Andrew Lincoln was the star of not just one, but two series that became ’00s classics in Teachers (as Simon Casey) and This Life (as Egg). Both series were gritty, confronting and true to life.
With plotlines that unashamedly addressed casual sex, racial tensions, sexual harassment in the workplace, drug addiction, working in jobs that pay little and demand a lot, both Teachers and This Life struck a chord at a time when Tony Blair led 10 Downing Street and more than half the teachers in publicly funded schools were desperately fleeing their under-funded, flailing schools. Poorly paid service jobs, racism, sexism and misogyny are still the realities faced in Britain and beyond.
So, do we need Teachers 2.0 with a bunch of school kids glued to their iPhones and teachers scrolling their recommended Spotify playlists under the desk? We don’t. Like trawling an Op Shop and discovering a Gucci bag for $5, the original Teachers remains in top nick decades after it first screened. It’s even better, perhaps, because those of us who were teenagers when we first watched it can appreciate it from the perspective of adulthood where we are trying to fulfil our work and life obligations without screwing up too often in the process.
Lincoln is a blast as the regularly frazzled, absurdly juvenile Simon Casey. His job requires the thankless task of entertaining his high school students at Summerdown Comprehensive, since genuinely educating them seems nigh on impossible. He never tires of finding new ways to push the boundaries of acceptable schoolyard behaviour, both in the classroom and the staffroom. He is convinced that fellow teacher, Jenny, is both sexually obsessed with him and also out to get him fired.
She has her work cut out for her, arguably, since he often sleeps through his alarm, improvises class schedules, makes fun of fellow teachers, and swears like a salty sailor at the drop of a cap. His juvenile pranks are encouraged and abetted by his fellow teachers. Not least when he breaks into the school on his birthday along with Kurt, Brian and Susan in the first episode. Who hasn’t dreamed of running rampant in their workplace, eating cake and swigging champagne from the bottle, in the days before surveillance cameras reigned supreme?
Though Lincoln has achieved international fame since through his role as Rick Grimes in The Walking Dead, it is his endearingly laddish Simon Casey (along withThis Life’s Egg) that established his screen-magnet qualities. He smokes, he drinks too much, he spends more time in the pub than planning lessons, he tries to sweet-talk his way out of all the conundrums he causes, and yet, the students seem genuinely delighted to see what he’s going to do next. And Jenny, for all her snide rebukes and eye rolls, seems enamoured of him too.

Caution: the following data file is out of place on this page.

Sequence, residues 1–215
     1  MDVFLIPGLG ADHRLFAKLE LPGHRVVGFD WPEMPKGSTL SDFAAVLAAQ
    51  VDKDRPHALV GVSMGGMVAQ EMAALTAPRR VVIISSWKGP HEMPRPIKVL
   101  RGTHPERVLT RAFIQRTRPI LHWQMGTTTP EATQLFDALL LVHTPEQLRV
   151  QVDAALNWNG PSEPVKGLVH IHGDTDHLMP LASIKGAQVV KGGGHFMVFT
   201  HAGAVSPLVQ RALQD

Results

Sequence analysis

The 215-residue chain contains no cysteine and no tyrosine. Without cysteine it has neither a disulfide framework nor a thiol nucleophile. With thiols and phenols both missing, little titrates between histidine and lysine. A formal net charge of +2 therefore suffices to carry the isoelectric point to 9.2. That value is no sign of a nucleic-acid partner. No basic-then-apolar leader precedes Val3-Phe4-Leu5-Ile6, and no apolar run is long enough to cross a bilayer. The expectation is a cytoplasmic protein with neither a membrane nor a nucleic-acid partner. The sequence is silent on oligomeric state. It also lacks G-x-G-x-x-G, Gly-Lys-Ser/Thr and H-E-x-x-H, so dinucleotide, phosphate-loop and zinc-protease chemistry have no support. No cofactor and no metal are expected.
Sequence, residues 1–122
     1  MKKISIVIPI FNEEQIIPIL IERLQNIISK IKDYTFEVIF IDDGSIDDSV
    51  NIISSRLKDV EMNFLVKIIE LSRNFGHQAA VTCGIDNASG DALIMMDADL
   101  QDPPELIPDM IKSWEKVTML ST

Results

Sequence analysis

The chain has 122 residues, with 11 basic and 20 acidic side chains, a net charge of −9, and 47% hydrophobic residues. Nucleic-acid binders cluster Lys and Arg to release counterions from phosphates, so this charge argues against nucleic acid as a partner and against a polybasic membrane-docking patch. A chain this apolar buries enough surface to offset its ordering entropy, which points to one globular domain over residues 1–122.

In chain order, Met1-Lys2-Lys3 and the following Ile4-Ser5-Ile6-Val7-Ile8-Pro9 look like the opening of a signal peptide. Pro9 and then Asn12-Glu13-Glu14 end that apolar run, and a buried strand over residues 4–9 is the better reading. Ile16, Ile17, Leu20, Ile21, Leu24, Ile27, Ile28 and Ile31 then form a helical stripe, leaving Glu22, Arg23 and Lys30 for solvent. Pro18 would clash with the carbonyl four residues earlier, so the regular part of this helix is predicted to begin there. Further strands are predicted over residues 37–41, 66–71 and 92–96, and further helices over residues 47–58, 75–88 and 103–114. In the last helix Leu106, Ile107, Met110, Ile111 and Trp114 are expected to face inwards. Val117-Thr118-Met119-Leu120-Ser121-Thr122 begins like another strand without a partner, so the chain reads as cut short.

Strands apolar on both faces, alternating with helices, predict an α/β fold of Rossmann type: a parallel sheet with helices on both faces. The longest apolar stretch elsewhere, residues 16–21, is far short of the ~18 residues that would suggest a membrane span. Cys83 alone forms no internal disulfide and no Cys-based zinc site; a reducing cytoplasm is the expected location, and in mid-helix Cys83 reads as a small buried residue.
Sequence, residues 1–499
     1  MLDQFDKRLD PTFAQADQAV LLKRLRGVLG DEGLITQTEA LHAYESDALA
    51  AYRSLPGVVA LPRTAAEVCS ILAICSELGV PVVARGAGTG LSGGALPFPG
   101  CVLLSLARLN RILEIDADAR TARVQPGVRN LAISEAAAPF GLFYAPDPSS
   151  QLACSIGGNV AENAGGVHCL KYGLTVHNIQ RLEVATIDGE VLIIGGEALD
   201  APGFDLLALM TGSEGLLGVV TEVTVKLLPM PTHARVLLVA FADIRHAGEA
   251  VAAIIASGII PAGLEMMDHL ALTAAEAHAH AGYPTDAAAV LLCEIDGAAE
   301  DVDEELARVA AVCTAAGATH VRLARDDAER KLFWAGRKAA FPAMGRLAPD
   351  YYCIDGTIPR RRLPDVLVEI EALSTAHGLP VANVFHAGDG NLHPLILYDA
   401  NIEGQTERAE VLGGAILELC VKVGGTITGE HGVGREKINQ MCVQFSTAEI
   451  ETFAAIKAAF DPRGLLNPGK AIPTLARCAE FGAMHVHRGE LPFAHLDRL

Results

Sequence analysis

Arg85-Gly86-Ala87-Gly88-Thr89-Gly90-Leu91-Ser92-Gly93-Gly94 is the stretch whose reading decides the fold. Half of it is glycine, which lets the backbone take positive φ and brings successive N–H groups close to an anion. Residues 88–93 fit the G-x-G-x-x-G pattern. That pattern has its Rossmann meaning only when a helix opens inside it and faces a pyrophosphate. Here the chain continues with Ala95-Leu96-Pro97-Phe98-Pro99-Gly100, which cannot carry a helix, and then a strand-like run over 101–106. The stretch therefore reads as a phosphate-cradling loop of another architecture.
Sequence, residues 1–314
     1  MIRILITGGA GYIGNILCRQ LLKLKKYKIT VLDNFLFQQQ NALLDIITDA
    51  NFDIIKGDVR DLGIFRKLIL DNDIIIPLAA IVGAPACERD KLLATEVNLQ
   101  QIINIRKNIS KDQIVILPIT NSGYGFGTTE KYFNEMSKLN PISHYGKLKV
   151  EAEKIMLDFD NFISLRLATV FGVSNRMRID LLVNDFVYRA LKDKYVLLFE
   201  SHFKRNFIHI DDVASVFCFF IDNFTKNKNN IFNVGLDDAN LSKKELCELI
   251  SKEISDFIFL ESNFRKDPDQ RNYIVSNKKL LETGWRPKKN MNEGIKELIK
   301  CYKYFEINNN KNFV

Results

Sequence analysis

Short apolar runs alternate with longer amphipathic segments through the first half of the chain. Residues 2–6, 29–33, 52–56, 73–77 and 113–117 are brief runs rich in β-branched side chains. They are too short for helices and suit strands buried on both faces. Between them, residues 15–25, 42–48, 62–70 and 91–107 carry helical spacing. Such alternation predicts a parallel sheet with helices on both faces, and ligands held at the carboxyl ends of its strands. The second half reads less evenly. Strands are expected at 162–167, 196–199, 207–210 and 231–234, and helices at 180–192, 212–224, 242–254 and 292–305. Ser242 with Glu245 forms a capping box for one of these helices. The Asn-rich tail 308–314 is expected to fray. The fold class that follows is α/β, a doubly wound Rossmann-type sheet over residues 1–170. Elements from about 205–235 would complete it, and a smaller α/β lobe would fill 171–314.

Teachers is a time capsule of more than just the socioeconomic malaise of Britain circa early 2000s. Watching the series again reveals a soundtrack of all the best Britpop, rock and indie glory of that era. From the Belle and Sebastian theme track (“The Boy with the Arab Strap”) to the soundtrack studded with The Darkness, The Libertines, Ash Supergrass and The Dandy Warhols, it’s a veritable feast of all the bands we were raving, clubbing and getting up to no good with two decades ago.
You’ll recognise some now familiar faces early in their careers. Nina Sosanya, who plays Jenny, has gone on to roles in Love Actually and Red Joan and acclaimed TV series including Silk, Killing Eve, Staged and Screw. One of Simon’s students is the now wildly famous James Corden, who has gone from sitcom Gavin and Stacey and roles in musicals including Into the Woods, Cats and Cinderella, to hosting The Late Late Show where he instigated Carpool Karaoke. Raquel Cassidy, who plays chain-smoking Susan, went on to win a SAG award for her performance in Downton Abbey. And as well as The Walking Dead Lincoln had memorable roles in Love Actually and Made in Dagenham as well as in TV series Strike Back, alongside Sosanya.
In Teachers, there’s a very real appeal in the show not striving to break the internet with stories of excessive drug use, bondage, porn, trafficking or exploitation of any nature. The characters are lovable, flawed and relatable, and for all their foibles, they really do care about their jobs and their students.
If you crave uncomplicated, chuckle-inducing stories that won’t leave you lying awake at 3am wondering why the world is so awful, and if you’re already looking up “Britpop” on Spotify, it’s time to re-watch the early Lincoln vehicle, Teachers.
Enjoy the four-season box set of ‘Teachers’ now streaming at SBS On Demand.